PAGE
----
Scholarship Finalist –

My first attempt at college was a dismal failure. I was lost with no real knowledge of what I wanted to do or be when I ‘grew up’. With a lack of clear goals, I dabbled in class and school work until I eventually dropped out my junior year. Sixteen years later, I’ve returned. This time, with my fourteen year old son at my side. I’ve officially spent more time as a mother than college student and, for many reasons, I’m grateful. Mostly I’m grateful to have someone for whom I have to be a role model.

When I became frustrated or overwhelmed during my first stint in college, I wasn’t ashamed to just give up because I could easily take the course against next semester with a ‘better’ professor. I was quite good at justifying my reasons. It’s a different story now when I throw my hands in the air while tears of frustration drip off my chin. It’s different because my son in watching. My beautiful, gifted son who has yet found that moment of struggle. But I know it is coming. Someday, in some class, he’s going to struggle and scream and want to give up. How he sees me react to difficulties will be there, brewing in the back of his mind and that is my entire reason for continuing when things become difficult.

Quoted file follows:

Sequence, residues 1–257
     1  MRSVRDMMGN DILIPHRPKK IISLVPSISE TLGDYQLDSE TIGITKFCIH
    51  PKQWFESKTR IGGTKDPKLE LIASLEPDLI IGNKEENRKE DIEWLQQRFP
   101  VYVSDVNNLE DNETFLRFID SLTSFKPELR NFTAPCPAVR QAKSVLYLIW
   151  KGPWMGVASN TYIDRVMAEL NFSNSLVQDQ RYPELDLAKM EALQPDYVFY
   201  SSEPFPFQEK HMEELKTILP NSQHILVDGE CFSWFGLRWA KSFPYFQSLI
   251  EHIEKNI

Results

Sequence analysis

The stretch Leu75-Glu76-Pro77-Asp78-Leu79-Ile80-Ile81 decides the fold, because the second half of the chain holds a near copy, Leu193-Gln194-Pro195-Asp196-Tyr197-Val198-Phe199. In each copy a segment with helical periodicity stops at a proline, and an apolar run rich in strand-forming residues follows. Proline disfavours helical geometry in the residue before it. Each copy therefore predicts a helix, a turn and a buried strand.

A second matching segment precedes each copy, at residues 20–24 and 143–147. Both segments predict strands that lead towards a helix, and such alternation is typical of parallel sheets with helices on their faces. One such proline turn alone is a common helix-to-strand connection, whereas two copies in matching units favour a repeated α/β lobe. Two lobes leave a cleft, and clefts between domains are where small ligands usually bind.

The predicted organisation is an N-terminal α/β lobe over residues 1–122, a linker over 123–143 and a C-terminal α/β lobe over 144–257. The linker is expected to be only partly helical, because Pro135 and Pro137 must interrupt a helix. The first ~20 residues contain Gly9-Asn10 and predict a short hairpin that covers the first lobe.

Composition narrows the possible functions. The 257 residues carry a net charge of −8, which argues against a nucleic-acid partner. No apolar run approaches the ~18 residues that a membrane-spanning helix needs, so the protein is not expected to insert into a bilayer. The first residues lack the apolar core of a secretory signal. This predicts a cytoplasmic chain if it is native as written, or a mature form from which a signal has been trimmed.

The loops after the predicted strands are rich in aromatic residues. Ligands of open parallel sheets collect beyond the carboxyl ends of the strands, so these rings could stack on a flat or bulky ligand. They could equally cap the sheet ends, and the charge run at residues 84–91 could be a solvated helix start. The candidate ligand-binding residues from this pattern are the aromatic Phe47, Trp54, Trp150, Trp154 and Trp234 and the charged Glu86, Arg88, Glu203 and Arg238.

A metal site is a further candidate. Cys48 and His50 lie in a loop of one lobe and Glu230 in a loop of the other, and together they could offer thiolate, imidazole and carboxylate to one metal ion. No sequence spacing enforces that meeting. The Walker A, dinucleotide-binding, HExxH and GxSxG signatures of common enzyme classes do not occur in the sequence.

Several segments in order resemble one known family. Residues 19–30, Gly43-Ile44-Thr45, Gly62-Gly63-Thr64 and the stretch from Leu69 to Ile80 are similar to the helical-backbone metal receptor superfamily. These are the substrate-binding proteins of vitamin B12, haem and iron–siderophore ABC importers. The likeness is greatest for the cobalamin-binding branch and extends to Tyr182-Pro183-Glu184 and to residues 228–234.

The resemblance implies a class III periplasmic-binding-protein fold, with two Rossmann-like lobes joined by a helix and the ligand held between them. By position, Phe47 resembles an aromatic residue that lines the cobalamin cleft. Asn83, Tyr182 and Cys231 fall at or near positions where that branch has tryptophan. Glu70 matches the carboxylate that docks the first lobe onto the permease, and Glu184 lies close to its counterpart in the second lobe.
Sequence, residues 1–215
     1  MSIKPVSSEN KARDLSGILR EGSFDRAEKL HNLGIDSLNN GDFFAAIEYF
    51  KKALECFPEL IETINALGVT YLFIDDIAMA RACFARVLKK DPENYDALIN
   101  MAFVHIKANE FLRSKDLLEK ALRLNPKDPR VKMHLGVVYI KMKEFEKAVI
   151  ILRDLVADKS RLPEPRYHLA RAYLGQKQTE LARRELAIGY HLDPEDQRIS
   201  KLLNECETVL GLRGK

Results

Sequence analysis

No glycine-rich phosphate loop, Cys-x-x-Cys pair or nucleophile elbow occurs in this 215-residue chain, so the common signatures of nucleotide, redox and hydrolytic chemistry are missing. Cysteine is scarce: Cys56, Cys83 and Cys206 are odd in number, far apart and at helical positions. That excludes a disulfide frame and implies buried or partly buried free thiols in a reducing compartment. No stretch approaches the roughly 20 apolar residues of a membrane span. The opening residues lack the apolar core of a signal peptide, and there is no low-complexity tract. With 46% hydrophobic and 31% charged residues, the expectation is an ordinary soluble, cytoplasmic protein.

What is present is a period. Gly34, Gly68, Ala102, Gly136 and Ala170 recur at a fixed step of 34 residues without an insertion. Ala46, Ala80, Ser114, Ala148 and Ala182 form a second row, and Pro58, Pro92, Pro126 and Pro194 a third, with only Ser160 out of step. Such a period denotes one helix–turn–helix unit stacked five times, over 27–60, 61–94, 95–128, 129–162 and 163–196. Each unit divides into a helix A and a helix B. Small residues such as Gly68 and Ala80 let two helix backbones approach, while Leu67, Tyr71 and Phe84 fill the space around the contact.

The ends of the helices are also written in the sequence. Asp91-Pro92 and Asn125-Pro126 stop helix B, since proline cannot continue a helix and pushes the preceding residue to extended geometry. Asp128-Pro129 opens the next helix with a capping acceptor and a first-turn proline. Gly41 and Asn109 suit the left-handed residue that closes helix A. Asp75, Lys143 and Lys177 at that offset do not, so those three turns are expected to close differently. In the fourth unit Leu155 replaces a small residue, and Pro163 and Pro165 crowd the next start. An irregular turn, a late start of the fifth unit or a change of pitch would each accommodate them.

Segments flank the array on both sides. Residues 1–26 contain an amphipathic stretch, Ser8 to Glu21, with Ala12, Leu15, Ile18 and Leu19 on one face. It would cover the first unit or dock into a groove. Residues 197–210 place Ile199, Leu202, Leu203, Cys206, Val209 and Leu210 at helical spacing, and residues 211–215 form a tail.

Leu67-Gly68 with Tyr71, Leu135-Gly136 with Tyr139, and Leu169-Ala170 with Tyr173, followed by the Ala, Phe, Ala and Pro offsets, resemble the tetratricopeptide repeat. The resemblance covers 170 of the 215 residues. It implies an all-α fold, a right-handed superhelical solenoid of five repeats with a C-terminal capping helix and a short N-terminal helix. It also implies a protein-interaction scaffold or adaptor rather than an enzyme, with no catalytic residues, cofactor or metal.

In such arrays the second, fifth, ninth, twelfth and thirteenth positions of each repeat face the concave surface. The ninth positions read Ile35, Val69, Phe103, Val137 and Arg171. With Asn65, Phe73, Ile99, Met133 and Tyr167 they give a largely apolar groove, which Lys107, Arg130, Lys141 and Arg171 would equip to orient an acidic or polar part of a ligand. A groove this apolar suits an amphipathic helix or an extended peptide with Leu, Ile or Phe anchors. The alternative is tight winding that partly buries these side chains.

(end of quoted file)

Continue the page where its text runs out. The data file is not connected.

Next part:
The second greatest advantage to returning to school after motherhood is that I’ve learned, through much practice, to let the little things go. I’ve always been a notorious perfectionist, which plays a huge part in my failings the first time. The thought of failing at anything causes me panic that takes my breath away. Many times in life, it was easier to give up than risk failure. I don’t have that luxury anymore. My son has taught me how to fail. Birthday cakes? Lopsided and unreadable. Halloween costumes? He lost most of his mummy costume halfway through trick-or-treating. Yet, he always laughed and loved my attempts anyway because I tried. So, when I sit down to write that 12 page paper, I think of him and realize that it doesn’t have to publish-able in an academic journal. I do not have to uncover ground breaking thoughts. My ‘good’ is good enough.

So while I could compile a list of tools I’ve learned from motherhood, such as budgeting, time management, and organization, I have to say that the single greatest advantage of going back to school after motherhood is my son. He drives me not only to do better with a degree, but to be better on the journey. He shapes my attitude and determination with a single look. And knowing that his not-so-little-eyes are watching at a prudent time in his development moves me to show him how it’s done. Even if it’s hard. Even when I cry. Even if I feel like I will never succeed. I persevere. Because he deserves better from me. Perhaps, he makes me believe I deserve better too.